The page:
To many consumers, the F&I process of filling out a loan application, negotiating a finance contract and getting credit approval is the worst part of a vehicle-buying experience they dislike in the first place.
Not surprisingly, the experience is the wellspring of many lawsuits.
'We're seeing lots and lots and lots of lawsuits' that originate in the F&I department, said Michael Charapp, a Washington lawyer who is general counsel for the Virginia Automobile Dealers Association. His practice also represents more than 100 dealerships.
Complaints are unavoidable. In an industry with no fixed prices, customers are always going to worry they paid too much for their vehicle, no matter how ethical the dealership may be. For most people, a new vehicle is the second-biggest purchase in a lifetime after their home.
David McKay, director of Auto Finance and Insurance Practices for J.D. Power and Associates, says there is a lot of room for honest misunderstanding in the F&I department, especially when the salesperson quotes one price and the F&I manager comes up with another.
Even so, he points out, a narrow majority of buyers report they are satisfied with the overall sales experience.
According to a 2000 J. D. Power survey, which included some F&I-oriented questions, 54 percent of respondents said they were 'completely satisfied' with the sales experience, up from 48 percent in 1998.
Those who said they were less than completely satisfied cited these key reasons: 'broken promises,' 'complicated price negotiations' and an 'intimidating environment.'
Some complaints about the F&I department stem from a lack of training, Charapp said in a presentation to the Consumer Bankers Association Automobile Finance Conference in Orlando, Fla., on March 13.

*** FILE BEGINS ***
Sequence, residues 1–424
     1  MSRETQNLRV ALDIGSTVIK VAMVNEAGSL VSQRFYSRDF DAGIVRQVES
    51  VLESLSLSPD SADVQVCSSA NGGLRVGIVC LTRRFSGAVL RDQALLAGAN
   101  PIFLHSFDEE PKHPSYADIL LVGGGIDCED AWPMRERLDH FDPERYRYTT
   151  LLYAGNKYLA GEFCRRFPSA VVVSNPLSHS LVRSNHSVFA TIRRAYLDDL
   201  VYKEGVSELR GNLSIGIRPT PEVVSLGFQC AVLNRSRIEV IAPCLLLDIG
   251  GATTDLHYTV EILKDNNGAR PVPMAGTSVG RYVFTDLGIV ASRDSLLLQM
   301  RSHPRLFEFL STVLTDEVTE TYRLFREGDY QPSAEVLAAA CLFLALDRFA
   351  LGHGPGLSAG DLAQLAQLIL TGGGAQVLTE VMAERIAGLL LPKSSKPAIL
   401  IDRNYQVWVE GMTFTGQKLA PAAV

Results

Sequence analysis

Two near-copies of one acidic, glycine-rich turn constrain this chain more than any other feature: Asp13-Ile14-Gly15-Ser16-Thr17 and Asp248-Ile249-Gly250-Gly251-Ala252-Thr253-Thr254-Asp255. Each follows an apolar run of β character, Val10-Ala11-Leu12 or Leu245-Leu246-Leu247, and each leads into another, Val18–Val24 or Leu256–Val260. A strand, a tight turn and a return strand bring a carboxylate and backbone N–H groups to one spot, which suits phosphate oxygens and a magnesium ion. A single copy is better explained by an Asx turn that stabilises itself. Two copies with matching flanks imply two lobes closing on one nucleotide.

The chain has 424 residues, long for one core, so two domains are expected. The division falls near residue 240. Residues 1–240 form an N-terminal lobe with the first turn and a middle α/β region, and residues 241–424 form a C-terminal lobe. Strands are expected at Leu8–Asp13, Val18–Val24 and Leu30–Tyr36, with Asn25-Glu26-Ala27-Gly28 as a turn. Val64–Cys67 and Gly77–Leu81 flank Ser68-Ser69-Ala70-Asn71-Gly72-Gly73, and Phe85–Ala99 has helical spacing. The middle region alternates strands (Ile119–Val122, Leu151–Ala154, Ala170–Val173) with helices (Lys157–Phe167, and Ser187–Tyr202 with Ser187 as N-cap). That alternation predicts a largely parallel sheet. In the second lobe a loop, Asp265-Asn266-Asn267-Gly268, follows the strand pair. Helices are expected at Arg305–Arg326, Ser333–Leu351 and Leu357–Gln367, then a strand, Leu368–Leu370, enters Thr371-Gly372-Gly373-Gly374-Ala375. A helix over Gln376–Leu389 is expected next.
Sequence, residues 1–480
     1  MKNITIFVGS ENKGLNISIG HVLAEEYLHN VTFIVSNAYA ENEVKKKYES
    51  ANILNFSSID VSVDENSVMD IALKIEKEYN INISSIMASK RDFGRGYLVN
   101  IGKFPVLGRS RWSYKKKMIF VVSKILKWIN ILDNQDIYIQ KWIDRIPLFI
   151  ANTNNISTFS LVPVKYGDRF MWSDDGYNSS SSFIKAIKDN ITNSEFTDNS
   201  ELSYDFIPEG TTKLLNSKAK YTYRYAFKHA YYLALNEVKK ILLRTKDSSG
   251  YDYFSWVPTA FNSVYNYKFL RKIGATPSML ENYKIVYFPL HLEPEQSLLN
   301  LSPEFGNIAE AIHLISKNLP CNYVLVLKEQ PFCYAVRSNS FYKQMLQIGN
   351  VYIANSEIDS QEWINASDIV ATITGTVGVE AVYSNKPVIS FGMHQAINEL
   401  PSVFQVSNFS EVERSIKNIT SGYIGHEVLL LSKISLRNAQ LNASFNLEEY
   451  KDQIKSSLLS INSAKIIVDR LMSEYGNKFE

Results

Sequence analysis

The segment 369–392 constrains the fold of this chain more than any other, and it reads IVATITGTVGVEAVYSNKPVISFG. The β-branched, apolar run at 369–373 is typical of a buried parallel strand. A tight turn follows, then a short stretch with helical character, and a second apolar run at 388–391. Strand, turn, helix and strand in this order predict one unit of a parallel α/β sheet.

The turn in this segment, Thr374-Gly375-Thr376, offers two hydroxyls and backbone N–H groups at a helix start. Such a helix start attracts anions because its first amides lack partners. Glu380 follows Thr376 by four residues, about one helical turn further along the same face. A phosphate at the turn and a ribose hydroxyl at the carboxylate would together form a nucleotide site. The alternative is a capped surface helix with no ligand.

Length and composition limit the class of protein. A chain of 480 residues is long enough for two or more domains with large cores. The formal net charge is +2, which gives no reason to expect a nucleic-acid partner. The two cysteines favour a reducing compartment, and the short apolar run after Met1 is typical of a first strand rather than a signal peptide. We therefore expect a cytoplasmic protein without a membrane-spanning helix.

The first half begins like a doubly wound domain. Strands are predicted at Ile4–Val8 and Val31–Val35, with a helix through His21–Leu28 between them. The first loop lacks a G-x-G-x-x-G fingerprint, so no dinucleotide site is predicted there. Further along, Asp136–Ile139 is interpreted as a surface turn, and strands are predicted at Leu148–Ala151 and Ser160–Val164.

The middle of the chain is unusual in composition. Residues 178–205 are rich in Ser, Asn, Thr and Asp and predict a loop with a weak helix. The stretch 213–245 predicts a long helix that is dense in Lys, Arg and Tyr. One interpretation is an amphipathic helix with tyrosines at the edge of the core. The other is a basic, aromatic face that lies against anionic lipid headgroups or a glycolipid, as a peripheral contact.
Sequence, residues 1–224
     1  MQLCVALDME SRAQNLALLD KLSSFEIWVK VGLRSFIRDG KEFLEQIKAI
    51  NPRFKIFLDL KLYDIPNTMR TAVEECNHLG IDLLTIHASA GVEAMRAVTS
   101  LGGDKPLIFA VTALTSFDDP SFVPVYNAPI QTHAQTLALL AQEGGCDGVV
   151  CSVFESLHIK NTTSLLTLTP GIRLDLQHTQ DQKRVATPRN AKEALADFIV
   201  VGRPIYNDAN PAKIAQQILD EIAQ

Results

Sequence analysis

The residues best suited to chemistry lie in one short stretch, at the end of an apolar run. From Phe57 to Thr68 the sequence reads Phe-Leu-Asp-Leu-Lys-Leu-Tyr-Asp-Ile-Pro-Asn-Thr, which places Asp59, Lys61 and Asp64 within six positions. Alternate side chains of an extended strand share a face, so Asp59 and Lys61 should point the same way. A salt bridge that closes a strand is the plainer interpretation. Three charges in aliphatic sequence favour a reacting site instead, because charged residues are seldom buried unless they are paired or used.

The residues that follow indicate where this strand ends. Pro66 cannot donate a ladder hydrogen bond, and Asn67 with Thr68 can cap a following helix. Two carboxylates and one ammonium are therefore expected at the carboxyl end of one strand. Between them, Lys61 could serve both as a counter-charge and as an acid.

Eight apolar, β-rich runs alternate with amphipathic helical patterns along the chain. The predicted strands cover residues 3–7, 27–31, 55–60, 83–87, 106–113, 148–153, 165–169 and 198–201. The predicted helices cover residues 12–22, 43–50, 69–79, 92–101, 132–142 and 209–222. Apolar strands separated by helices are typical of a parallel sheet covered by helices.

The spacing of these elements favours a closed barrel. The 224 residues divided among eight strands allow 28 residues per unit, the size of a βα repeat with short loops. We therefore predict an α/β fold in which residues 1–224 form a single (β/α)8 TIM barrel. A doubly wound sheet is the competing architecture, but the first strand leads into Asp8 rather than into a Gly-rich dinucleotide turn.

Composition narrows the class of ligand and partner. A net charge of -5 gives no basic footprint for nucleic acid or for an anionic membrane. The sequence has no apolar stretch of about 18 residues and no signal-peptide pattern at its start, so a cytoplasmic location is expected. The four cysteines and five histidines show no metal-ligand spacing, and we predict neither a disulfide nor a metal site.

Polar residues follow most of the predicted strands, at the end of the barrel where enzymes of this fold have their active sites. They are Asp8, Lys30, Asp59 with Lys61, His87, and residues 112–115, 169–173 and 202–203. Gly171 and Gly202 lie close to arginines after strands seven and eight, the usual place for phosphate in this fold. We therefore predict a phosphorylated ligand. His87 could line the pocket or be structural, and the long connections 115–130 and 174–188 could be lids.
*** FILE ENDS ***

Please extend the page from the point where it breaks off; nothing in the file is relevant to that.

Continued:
F&I managers have a long list of legal standards to meet, any one of which can be the basis of a lawsuit. They include federal Truth in Lending and Equal Credit Opportunity requirements and myriad state laws.
'For what they do, there is no one in the dealership less well trained than the F&I people,' he said.
But training, with an emphasis on ethics and legal responsibilities, is available. The captive finance companies, banks, private training firms and the Association of Finance and Insurance Professionals in Bedford, Texas, all offer such training.
The fact remains that there are enough genuine unethical practices to keep the F&I department's terrible reputation alive.
'People dislike high pressure and the intimidating environment,' said John Walsh, president of the Institute for Ethical Behavior in Scottsdale, Ariz.
Walsh, who has spent the past year researching auto finance and talking with hundreds of consumers and F&I managers, said in a telephone interview that he plans to launch a new course called 'Ethics Training for Financial Managers.'
Before entering the automotive field, Walsh conducted ethics training for commodity brokers and stockbrokers.
Walsh said he heard reports of several unethical tactics in his research, such as the 'high penny roll.'
That's where the F&I manager arbitrarily adds 99 cents to a customer's loan payment. Instead of $350, for instance, the monthly payment becomes $350.99.
People seldom question this, he said. But for a dealership selling 400 cars per month, the seemingly insignificant overcharge can generate more than $50,000 per year.
He also said some finance managers tell buyers with marginal credit that they must buy credit life insurance before the bank will give them a loan. That also is a lie, he said.